The University of Alabama at Birmingham Minority Health and Research Center has partnered with Birmingham based minority health company Acclinate on an NIH funded initiative to produce a video series addressing vaccine hesitancy and misinformation. The video series titled “Real Talk About COVID-19 and Vaccines” includes interviews with Dr. Selwyn Vickers, Senior Vice President for Medicine and Dean of the School of Medicine at UAB. The purpose of this series is to pick the brains of these experts by asking them common questions about the newly released vaccines like “how safe are they?” and “when can the average person expect to receive the vaccine?”
Dr. Selwyn Vickers is a world renown pancreatic surgeon and has served as the Dean of the School of Medicine at UAB, one of the 10 largest public academic medical centers in the nation, since 2013. He earned baccalaureate and medical degrees from Johns Hopkins University and completed two postgraduate research fellowships with the National Institutes of Health and training at John Radcliffe Hospital of Oxford University, England, and was an instructor of surgery at Johns Hopkins for one year. Dr. Vickers continues to see patients while conducting research and has had continuous NIH extramural funding for the past 25 years.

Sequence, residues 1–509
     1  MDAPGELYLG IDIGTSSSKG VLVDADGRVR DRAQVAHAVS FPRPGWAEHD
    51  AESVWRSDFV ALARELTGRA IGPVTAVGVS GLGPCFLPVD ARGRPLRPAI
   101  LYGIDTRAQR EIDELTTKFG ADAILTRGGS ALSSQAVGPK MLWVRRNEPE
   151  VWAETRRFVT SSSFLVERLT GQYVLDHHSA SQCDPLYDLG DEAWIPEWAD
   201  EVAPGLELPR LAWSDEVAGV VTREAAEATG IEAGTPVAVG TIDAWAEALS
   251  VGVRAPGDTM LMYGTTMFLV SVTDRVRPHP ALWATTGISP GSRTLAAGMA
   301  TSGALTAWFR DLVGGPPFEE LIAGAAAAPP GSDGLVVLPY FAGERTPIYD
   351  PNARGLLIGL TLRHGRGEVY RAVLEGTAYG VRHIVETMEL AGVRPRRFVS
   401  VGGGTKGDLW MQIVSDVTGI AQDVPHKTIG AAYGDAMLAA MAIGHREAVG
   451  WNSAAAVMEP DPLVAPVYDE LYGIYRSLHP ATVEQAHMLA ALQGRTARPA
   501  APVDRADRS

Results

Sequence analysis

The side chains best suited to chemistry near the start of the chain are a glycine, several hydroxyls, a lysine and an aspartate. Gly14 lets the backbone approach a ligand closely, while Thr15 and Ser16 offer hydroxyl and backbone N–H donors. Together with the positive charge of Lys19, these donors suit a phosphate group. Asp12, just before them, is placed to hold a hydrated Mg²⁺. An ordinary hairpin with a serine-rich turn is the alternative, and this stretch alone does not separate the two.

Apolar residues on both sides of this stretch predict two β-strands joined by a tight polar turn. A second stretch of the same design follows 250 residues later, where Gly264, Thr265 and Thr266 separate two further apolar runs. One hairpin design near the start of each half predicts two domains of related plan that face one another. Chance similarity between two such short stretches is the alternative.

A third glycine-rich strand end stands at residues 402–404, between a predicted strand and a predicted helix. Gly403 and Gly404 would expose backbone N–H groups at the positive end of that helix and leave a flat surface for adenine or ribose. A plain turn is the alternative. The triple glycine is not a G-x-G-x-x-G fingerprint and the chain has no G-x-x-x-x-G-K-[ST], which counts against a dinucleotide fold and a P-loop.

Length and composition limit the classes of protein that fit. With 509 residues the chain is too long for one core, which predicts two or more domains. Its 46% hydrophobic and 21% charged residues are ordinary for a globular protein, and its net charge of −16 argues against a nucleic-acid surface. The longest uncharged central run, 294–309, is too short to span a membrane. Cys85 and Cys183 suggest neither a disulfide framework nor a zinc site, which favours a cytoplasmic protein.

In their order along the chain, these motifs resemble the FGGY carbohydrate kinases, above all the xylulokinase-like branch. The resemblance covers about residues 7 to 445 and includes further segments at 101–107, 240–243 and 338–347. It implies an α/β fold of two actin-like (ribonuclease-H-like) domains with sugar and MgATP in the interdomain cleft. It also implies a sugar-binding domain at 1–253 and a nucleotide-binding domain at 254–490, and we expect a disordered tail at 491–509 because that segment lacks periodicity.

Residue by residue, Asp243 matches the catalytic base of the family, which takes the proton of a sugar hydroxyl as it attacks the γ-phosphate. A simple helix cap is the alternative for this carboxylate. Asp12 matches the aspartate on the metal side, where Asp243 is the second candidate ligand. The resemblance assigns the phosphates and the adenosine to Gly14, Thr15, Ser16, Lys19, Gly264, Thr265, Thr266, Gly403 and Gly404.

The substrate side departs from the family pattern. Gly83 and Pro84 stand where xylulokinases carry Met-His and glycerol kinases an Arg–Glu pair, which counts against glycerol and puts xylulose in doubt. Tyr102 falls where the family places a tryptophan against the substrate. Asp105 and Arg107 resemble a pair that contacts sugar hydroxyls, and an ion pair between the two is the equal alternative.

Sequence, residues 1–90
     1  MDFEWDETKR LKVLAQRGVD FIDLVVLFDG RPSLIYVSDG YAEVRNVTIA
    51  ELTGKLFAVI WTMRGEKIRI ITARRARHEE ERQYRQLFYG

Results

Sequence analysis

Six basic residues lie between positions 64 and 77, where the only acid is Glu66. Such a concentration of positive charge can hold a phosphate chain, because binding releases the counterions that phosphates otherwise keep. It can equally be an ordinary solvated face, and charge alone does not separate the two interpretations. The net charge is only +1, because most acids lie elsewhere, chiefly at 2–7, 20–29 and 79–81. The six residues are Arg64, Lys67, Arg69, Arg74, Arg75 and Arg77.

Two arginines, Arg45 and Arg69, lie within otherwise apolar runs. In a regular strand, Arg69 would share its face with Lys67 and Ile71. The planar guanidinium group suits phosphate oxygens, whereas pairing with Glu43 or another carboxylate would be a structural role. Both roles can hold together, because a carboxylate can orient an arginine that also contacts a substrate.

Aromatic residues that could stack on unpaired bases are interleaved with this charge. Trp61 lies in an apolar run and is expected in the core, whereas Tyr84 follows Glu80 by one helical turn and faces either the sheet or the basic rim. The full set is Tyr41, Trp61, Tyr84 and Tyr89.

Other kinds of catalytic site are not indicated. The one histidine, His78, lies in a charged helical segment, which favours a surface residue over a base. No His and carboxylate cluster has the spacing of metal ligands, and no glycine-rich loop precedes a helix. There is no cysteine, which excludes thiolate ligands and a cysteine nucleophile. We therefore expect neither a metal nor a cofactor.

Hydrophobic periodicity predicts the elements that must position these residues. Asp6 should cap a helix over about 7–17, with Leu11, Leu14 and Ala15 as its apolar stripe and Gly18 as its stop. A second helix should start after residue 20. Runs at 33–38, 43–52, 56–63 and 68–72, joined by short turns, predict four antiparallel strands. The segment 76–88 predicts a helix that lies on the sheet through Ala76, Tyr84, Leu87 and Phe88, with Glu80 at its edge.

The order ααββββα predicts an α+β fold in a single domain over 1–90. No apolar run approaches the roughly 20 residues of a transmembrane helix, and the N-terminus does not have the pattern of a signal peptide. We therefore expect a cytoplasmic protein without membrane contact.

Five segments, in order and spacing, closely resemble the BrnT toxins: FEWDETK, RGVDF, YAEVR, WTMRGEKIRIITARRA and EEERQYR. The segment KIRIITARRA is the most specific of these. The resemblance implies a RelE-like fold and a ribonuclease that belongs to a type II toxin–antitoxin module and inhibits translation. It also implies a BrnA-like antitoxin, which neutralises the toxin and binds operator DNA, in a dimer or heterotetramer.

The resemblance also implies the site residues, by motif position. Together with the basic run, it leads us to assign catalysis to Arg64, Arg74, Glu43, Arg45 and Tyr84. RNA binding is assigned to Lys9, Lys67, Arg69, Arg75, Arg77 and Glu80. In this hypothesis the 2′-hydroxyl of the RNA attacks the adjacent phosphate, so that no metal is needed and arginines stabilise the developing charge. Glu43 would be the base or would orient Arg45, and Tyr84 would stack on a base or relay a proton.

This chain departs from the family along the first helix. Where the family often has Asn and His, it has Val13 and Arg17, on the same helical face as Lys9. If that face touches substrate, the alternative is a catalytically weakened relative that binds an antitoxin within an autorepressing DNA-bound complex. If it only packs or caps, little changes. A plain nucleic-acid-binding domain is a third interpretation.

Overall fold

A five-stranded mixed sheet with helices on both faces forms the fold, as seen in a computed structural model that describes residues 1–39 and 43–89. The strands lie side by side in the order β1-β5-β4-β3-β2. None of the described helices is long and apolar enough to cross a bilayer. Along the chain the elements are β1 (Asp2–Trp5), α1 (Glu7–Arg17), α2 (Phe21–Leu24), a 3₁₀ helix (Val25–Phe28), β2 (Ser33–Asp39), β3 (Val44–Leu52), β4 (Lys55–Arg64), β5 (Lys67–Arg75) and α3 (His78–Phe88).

“Most of our vaccines are met with skepticism dating back to the 1930s with penicillin and on to bypass surgeries and whenever we discuss something new,” explains Dr. Vickers. “Typically, when we discuss vaccine participations, it can take two to three years to get the required participants to engage in vaccine research; but in the case of the COVID-19 pandemic, it only two to three years. This is impressive, sound science.”
What Dr. Vickers has experienced with the COVID-19 vaccine is a clear, soup-to-nuts approach to address this vaccine and developing a blueprint on how to mimic and annihilate this virus.